• "That wasn't right, it was silly, Emma Jane; but I'll tell you where it migh_ome in—in Give me Three Grains of Corn. You be the mother, and I'll be th_amishing Irish child. For pity's sake put the axe down; you are not th_oodman any longer!"
  • "What'll I do with my hands, then?" asked Emma Jane.
  • "Whatever you like," Rebecca answered wearily; "you're just a mother—that'_ll. What does YOUR mother do with her hands? Now here goes!
  • > "'Give me three grains of corn, mother, > Only three grains of corn, > 'T will keep the little life I have > Till the coming of the morn.'"
  • This sort of thing made Emma Jane nervous and fidgety, but she was Rebecca'_lave and hugged her chains, no matter how uncomfortable they made her.
  • At the last pair of bars the two girls were sometimes met by a detachment o_he Simpson children, who lived in a black house with a red door and a re_arn behind, on the Blueberry Plains road. Rebecca felt an interest in th_impsons from the first, because there were so many of them and they were s_atched and darned, just like her own brood at the home farm.
  • The little schoolhouse with its flagpole on top and its two doors in front, one for boys and the other for girls, stood on the crest of a hill, wit_olling fields and meadows on one side, a stretch of pine woods on the other, and the river glinting and sparkling in the distance. It boasted n_ttractions within. All was as bare and ugly and uncomfortable as it wel_ould be, for the villages along the river expended so much money in repairin_nd rebuilding bridges that they were obliged to be very economical in schoo_rivileges. The teacher's desk and chair stood on a platform in one corner; there was an uncouth stove, never blackened oftener than once a year, a map o_he United States, two black-boards, a ten-quart tin pail of water and long- handled dipper on a corner shelf, and wooden desks and benches for th_cholars, who only numbered twenty in Rebecca's time. The seats were higher i_he back of the room, and the more advanced and longer-legged pupils sa_here, the position being greatly to be envied, as they were at once nearer t_he windows and farther from the teacher.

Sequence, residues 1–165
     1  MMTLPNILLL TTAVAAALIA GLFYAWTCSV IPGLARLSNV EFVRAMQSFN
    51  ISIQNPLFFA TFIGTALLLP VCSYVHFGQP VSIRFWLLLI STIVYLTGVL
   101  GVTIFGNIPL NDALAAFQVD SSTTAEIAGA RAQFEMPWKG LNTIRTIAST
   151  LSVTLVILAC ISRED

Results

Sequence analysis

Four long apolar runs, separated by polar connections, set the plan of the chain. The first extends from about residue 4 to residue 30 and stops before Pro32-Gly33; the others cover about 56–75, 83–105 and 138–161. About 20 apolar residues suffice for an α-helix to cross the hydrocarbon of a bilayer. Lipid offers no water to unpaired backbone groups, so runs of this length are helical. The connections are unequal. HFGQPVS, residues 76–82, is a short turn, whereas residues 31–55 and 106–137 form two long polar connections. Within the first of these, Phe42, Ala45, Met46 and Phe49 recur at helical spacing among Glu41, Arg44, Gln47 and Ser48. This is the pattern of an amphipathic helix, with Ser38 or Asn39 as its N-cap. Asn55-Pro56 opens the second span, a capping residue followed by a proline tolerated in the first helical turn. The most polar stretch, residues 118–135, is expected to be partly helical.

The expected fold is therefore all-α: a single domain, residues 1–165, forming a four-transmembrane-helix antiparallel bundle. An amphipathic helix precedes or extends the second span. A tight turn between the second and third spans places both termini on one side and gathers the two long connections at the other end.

• There were classes of a sort, although nobody, broadly speaking, studied th_ame book with anybody else, or had arrived at the same degree of proficienc_n any one branch of learning. Rebecca in particular was so difficult t_lassify that Miss Dearborn at the end of a fortnight gave up the attemp_ltogether. She read with Dick Carter and Living Perkins, who were fitting fo_he academy; recited arithmetic with lisping little Thuthan Thimpthon; geography with Emma Jane Perkins, and grammar after school hours to Mis_earborn alone. Full to the brim as she was of clever thoughts and quain_ancies, she made at first but a poor hand at composition. The labor o_riting and spelling, with the added difficulties of punctuation and capitals, interfered sadly with the free expression of ideas. She took history wit_lice Robinson's class, which was attacking the subject of the Revolution, while Rebecca was bidden to begin with the discovery of America. In a week sh_ad mastered the course of events up to the Revolution, and in ten days ha_rrived at Yorktown, where the class had apparently established summe_uarters. Then finding that extra effort would only result in her recitin_ith the oldest Simpson boy, she deliberately held herself back, for wisdom'_ays were not those of pleasantness nor her paths those of peace if one wer_ompelled to tread them in the company of Seesaw Simpson. Samuel Simpson wa_enerally called Seesaw, because of his difficulty in making up his mind.
  • Whether it were a question of fact, of spelling, or of date, of going swimmin_r fishing, of choosing a book in the Sunday-school library or a stick o_andy at the village store, he had no sooner determined on one plan of actio_han his wish fondly reverted to the opposite one. Seesaw was pale, flaxe_aired, blue eyed, round shouldered, and given to stammering when nervous.